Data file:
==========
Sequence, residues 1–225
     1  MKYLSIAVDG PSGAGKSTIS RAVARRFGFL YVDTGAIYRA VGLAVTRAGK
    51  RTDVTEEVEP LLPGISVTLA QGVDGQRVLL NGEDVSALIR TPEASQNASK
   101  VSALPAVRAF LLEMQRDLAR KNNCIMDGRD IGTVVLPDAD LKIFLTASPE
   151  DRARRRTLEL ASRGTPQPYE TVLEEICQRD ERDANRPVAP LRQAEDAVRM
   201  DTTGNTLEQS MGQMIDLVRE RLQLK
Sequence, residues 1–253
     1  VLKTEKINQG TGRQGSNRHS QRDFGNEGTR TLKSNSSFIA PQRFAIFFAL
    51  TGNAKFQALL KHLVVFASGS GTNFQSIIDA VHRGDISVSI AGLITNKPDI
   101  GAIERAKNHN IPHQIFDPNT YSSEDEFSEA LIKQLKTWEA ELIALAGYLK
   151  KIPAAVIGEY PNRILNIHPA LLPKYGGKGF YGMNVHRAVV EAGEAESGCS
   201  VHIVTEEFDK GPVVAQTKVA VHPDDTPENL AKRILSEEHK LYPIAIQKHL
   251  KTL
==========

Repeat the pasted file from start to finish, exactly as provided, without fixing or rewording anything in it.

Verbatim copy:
Sequence, residues 1–225
     1  MKYLSIAVDG PSGAGKSTIS RAVARRFGFL YVDTGAIYRA VGLAVTRAGK
    51  RTDVTEEVEP LLPGISVTLA QGVDGQRVLL NGEDVSALIR TPEASQNASK
   101  VSALPAVRAF LLEMQRDLAR KNNCIMDGRD IGTVVLPDAD LKIFLTASPE
   151  DRARRRTLEL ASRGTPQPYE TVLEEICQRD ERDANRPVAP LRQAEDAVRM
   201  DTTGNTLEQS MGQMIDLVRE RLQLK
Sequence, residues 1–253
     1  VLKTEKINQG TGRQGSNRHS QRDFGNEGTR TLKSNSSFIA PQRFAIFFAL
    51  TGNAKFQALL KHLVVFASGS GTNFQSIIDA VHRGDISVSI AGLITNKPDI
   101  GAIERAKNHN IPHQIFDPNT YSSEDEFSEA LIKQLKTWEA ELIALAGYLK
   151  KIPAAVIGEY PNRILNIHPA LLPKYGGKGF YGMNVHRAVV EAGEAESGCS
   201  VHIVTEEFDK GPVVAQTKVA VHPDDTPENL AKRILSEEHK LYPIAIQKHL
   251  KTL